and consumed over several accounting periods (i.e. insurance
      -   Vendor deposits: These are advance payments to vendors which are
          in essence a loan receivable. The quality of the asset is directly
          associated with the credit worthiness of the particular vendor. These
          balances are usually reduced upon receipt of goods that will
          eventually be cleared through cost of goods sold or may increase
          some other asset class (i.e. fixed assets).

Fixed assets have a useful life of over 1 year that are consumed by the
business in generating it’s revenue. For accounting purposes, their value must
be carried for and expensed over this useful life. Useful lives are vary by asset
class and some other determining factors. The method for capturing the use of
the asset is through a process of depreciation (capturing the “used” value to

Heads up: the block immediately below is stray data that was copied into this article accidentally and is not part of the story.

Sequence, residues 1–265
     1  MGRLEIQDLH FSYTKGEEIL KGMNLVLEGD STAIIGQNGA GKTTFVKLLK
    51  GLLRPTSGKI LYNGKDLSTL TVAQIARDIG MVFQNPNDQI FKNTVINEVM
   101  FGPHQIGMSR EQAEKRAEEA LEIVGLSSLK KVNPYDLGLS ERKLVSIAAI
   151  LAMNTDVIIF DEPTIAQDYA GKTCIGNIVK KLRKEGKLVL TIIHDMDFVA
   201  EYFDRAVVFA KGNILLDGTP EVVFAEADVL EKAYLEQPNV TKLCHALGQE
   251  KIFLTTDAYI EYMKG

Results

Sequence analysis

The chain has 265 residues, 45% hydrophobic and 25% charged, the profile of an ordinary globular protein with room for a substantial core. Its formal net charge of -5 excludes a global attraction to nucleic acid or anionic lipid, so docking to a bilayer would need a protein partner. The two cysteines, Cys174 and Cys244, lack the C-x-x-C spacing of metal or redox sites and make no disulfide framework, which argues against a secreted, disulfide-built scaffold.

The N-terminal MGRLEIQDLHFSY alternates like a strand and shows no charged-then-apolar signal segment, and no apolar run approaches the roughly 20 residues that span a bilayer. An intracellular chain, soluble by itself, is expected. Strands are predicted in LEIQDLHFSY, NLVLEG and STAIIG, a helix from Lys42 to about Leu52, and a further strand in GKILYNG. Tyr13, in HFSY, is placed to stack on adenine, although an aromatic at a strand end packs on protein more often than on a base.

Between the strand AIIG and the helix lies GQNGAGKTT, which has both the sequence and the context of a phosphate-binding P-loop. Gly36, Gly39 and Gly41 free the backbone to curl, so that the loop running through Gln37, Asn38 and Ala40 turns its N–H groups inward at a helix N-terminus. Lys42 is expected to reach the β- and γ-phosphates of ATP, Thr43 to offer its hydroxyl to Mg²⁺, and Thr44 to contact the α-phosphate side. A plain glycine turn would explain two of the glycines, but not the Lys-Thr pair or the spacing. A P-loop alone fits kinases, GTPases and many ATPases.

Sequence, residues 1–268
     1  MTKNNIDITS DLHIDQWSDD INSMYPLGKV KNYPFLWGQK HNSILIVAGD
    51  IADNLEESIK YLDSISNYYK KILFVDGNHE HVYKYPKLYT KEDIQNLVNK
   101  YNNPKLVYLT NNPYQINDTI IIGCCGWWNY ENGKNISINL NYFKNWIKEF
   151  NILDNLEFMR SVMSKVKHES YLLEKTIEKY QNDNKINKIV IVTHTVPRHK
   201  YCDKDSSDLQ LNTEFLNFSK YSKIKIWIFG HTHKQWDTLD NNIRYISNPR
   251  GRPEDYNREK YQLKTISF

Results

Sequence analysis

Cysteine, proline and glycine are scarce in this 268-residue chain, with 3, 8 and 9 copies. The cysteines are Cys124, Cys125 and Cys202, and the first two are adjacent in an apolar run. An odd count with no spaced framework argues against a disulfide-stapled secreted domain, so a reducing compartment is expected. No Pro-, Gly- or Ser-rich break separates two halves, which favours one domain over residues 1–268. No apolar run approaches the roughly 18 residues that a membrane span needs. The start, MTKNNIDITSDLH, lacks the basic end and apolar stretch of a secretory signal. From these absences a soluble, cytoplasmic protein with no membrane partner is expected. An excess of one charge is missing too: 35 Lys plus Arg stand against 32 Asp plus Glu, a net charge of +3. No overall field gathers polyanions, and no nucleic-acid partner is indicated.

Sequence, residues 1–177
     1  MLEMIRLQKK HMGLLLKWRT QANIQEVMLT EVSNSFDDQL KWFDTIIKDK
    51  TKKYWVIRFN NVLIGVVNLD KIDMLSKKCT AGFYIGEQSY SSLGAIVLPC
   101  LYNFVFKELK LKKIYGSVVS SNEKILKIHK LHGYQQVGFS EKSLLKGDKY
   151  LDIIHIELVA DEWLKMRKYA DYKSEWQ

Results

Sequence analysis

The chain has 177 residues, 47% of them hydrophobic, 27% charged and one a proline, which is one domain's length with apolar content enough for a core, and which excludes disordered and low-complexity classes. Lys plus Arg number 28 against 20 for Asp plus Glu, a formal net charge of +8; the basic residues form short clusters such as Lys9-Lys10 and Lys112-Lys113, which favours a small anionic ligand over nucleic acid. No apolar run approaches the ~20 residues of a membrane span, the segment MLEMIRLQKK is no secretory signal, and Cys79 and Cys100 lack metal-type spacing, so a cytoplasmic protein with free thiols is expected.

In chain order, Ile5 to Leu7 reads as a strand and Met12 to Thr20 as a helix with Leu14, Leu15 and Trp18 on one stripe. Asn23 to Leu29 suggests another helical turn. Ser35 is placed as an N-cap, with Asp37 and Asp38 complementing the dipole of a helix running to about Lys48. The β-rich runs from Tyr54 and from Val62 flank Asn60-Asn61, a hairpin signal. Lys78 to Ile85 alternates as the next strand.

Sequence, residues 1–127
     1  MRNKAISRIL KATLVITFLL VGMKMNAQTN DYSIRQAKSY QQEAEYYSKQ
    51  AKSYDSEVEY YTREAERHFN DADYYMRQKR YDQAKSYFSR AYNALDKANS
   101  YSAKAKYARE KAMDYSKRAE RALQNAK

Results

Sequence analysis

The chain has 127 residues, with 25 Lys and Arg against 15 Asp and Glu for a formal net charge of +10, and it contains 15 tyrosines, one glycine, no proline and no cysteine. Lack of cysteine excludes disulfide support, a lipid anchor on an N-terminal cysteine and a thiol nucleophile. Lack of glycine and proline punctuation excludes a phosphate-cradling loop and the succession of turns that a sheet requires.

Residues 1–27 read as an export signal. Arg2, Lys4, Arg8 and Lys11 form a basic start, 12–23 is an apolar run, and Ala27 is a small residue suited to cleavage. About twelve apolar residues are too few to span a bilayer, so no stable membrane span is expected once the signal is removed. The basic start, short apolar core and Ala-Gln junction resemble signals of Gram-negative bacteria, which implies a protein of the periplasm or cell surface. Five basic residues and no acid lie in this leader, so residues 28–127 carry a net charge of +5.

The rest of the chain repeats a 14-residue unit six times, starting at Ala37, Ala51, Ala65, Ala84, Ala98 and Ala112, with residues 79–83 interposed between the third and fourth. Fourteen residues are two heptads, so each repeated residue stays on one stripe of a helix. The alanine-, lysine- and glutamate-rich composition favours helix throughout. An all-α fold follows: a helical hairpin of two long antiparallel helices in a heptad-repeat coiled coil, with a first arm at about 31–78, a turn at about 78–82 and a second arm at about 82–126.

the monthly income statement). This depreciation is accumulated in a contra
account which when offset with the particular fixed asset provides a “net asset
value”. Typical fixed assets include vehicles, leasehold improvements, and
furniture and fixtures. A periodic reasonableness check of this category is
necessary to ensure that items such as inventory or expenses are not
inadvertently recorded.

A thorough review of the asset accounts should be done at least annually. This
may identify items that no longer carry their recorded value. These items
should be expensed through the income statement or adjusted along with the
reserve account to properly reflect the associated asset class.

Liabilities are what is owed by a business. These are classified as either
current (usually due within one year) and long term (due beyond one year). It
is important to have all amounts owed by the company recorded to properly
reflect the business’s financial condition.
Current liabilities are short term in nature that usually arise from normal
operating activities. These include:
      - Accounts payable: Amounts due to vendors. These can be aged